Tuesday, 9 August 2016


I've mentioned it before and I'll mention it again... we are using an online service to keep track of all our RSVP's.  In my very limited experience with keeping track of a large quantity of RSVP's this seems like the best option (not that I've ever done it before or anything).

The service we are using is AnRSVP (just in case you are interested in using it too)

First, the problems.

Everyone on your guest list has to have a different first and last name combination.  This didn't work out for us.  So, say for example you have 2 people you are inviting that are both named John Smith... that's not allowed.  We had not 1, not 2, but 3 instances where people had the exact same name.  It was an easy fix for us though.

One of the places this came up was with a child having the same name as my grandpa.  To fix this problem I grouped my cousin with the rest of his brothers and sisters.  So instead of it just saying "John" on the first name spot it says "John, sisters name, other sisters name" and I gave that line an invite count of 3.  I know that family can't make it already so I wasn't too worried about how I set it up.

The other problem was with John's side.  He has an uncle with the same name as his grandpa and an aunt with the same name as his grandma.

The solution to this was also an easy one.  John told me that his grandparents wouldn't be RSVPing for themselves anyways so for the first name for his grandparents I put Grandpa *his first name* and on the next line Grandma *her first name*.  This way the aunt and uncle (whom will likely have enough knowledge of the internet to RSVP for themselves) can RSVP for themselves using their actual names and we can just do it for his grandparents.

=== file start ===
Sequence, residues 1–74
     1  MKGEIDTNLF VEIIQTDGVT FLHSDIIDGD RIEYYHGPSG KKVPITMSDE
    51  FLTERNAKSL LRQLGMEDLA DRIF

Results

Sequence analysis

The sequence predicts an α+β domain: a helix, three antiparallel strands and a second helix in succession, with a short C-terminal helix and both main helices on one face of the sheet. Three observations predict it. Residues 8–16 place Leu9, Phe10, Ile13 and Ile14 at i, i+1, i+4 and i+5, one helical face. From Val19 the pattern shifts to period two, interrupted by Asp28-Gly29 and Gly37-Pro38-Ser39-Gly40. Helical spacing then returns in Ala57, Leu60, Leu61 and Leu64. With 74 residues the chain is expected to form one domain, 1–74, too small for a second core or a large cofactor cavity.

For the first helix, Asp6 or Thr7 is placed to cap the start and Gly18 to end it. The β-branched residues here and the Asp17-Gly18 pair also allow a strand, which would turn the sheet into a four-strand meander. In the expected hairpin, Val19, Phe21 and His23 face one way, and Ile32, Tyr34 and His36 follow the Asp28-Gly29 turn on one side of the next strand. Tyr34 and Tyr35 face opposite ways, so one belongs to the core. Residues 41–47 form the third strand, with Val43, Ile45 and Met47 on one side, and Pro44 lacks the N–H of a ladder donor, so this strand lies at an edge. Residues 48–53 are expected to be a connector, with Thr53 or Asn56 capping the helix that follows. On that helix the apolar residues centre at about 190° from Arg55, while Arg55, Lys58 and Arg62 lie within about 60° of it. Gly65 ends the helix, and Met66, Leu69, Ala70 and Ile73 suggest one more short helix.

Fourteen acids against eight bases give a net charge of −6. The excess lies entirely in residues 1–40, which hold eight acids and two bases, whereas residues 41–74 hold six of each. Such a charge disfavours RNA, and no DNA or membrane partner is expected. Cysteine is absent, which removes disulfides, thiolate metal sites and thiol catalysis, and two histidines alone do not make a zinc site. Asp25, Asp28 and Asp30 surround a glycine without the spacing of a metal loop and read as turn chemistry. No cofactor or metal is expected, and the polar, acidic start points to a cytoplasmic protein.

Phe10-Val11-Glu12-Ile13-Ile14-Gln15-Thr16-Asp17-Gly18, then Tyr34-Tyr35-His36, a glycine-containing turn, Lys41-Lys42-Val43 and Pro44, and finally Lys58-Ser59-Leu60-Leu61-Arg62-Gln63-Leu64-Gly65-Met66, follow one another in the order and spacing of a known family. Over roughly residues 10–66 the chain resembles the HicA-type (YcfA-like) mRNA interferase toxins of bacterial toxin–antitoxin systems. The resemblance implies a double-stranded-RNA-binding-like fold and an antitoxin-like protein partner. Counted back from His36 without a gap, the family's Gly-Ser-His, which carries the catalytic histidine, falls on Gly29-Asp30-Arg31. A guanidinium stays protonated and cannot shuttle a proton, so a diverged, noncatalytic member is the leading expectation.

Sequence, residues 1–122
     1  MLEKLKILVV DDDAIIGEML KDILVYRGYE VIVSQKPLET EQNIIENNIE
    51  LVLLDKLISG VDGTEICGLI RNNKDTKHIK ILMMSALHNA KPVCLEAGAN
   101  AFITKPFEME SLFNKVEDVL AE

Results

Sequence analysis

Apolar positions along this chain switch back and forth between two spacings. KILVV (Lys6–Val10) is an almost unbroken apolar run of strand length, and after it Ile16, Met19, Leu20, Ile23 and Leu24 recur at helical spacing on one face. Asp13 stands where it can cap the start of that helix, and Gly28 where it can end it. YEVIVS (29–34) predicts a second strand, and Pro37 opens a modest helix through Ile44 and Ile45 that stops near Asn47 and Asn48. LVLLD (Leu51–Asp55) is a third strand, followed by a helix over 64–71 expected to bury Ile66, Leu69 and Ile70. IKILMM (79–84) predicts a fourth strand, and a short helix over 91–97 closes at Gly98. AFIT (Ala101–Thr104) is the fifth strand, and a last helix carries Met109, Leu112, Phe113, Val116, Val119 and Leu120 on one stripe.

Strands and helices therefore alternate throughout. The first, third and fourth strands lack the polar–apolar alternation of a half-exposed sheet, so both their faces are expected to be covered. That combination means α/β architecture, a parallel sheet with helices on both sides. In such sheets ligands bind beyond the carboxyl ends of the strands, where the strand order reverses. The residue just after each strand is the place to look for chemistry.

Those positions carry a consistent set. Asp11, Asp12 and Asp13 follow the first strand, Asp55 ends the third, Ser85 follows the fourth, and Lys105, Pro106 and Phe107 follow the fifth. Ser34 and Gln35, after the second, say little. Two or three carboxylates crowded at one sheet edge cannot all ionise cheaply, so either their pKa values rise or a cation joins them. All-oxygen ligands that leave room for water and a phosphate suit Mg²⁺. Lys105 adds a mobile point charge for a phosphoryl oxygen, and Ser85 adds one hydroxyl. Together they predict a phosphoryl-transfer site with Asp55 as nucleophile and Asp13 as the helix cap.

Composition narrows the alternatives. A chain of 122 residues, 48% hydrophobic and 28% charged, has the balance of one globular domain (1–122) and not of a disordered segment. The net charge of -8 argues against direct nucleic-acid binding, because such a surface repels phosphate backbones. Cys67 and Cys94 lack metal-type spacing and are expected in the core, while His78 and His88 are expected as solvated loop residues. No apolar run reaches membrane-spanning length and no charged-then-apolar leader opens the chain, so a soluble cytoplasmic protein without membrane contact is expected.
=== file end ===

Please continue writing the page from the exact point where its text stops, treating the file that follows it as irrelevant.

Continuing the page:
The other annoying part was that I put the names into the online program in the order that I had them listed on my list... so according to families.  The program jumbled them all up into an order I couldn't understand.  So eventually I just put them in alphabetical order to make people easier to find.

I also put the names in individually,,,  I know you can also do some importing of stuff but I figured I would have more control over the names if I just did it myself (plus, on the document we were keeping track of their names I also had written in if they were my aunt/uncle/grandparent.... I would have just had to do some editing anyways.  It took a bit of time... not a lot.  What did get frustrating was that I missed some people and then because the list wasn't ordered the same as my hard copy it was hard to see who I missed putting in.  But I eventually figured it out and now our RSVP list matches our hard copy list.

The benefits

The program keeps track of your RSVPs for you!  I don't have to worry about forgetting to mark someone down as a yes and what kind of allergy they have.

You can make your own questions to accompany your RSVP.

We have just 2 questions...
1) If there are any allergies (our caterer is willing to work around these)
2) What kind of song(s) they would like to dance to that night.

The program also lets you know how many invites you need to send out.  I think we ended up with 94 that were going out.  It helps when you need to know how many invites you should be printing or how many envelopes you need to buy (it's just too bad John didn't have his list finalized before I ordered the invites and envelopes).

The online service gives us a unique (but easy to type in) URL that we included on our invites so that guests shouldn't have too hard of a time RSVPing.

According to the site as of right now we have 17 people attending our wedding.  Should be a small and intimate wedding with only 6 songs people want being played during the dance portion.  People likely don't realize that we need them to respond with a no if they aren't coming.  But, about 3 or so weeks before the wedding we will get on all these people that haven't responded and likely just do it for them.  Hopefully, we get a lot more responses to make this job a little easier on us!

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